It’s bedtime. You’re on the home run to a bit of peace, a little brain space, a moment of ‘alone’. 
You’re channelling every last ounce of patience and serenity you have left into the perfect bedtime. You’ve read your Big Sleep programme. You’re calm. You’re cool. You have one trillion percent got this. Feeling like a Rockstar. A sleepy Rockstar. 
And yet, they know. They know you’ve got somewhere else to be and they definitely don’t want you to go. 
Whether you’re hiding a snazzy ‘out out’ outfit under your dressing gown or you’re in your PJs, ready for a night in front of the telly, they don’t care, they just know you’ve got plans. 
How do they know?! you might scream internally, as the tell-tale signs of a fussy bedtime emerge. 

How do they know?! 

Our limbic system, the part of the brain involved in our experience of emotions, is still developing and maturing right into early adulthood. The amygdala is part of that system and its job is to alert us to threat. 
Since when did wanting to watch Netflix turn into a threat for your child, you might ask. But hang tight; It’ll make sense in a moment. 
The amygdala is a bit like your over-sensitive smoke alarm. (Or is it just us setting it off on the daily?!) 
Our kids are exceptionally intuitive, right from birth, and that intuition is deeply woven between connection and attachment. So, when we feel like we are putting on the greatest performance of our lives (hand me an Oscar, babe), hiding the tiredness, the frustration, the guilt; they know.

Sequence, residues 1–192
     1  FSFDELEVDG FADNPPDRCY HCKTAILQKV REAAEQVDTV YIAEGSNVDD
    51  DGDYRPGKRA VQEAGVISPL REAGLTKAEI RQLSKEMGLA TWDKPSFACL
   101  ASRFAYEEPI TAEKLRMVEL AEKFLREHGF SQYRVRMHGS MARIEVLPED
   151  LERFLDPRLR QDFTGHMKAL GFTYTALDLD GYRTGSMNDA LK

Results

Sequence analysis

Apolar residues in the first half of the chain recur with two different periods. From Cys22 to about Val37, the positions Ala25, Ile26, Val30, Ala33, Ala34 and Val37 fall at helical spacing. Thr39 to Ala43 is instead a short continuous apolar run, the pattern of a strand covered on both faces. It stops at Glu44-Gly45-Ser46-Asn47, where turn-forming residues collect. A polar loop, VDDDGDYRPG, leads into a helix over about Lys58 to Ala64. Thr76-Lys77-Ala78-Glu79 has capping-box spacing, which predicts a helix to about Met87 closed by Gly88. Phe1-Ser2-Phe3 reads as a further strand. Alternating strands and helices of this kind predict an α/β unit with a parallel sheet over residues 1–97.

When they pick up on these tiny wavelengths, it sets off their smoke detector. The threat? Separation. 
Yep, we know you’re just a floor down and you’ve got one ear on the kids at all times, but it seems like an eternity away for them. 
They crave closeness and security more, and they don’t understand it either because it is such a subtle and yet intrinsic part of their connection to you. 
Even though it feels like it sometimes, it’s not a conscious decision to prolong bedtime or behave poorly. (There’s more on self-control vs. self-regulation in our programmes.) 

So how do we get ahead of this? 

Well, a bedtime routine has many positive roles, but at The Big Sleep Company we believe the primary focus of a bedtime routine is to facilitate connection and closeness before the longest period of separation - Sleep (I know, we hear you chuckling! but that full nights sleep will come, we promise!). 
By really filling up their ‘Love Tank’ before bed, they feel calmer, more secure and loved. The perfect recipe for a smooth bedtime. 
Utilise the techniques and approaches found within our programme to slow down, soak up and sleep well. 
If you would like to find out more about how we can support you with our reassuring and realistic approach, please join our mailing list
Tagged as: Bedtime Routines
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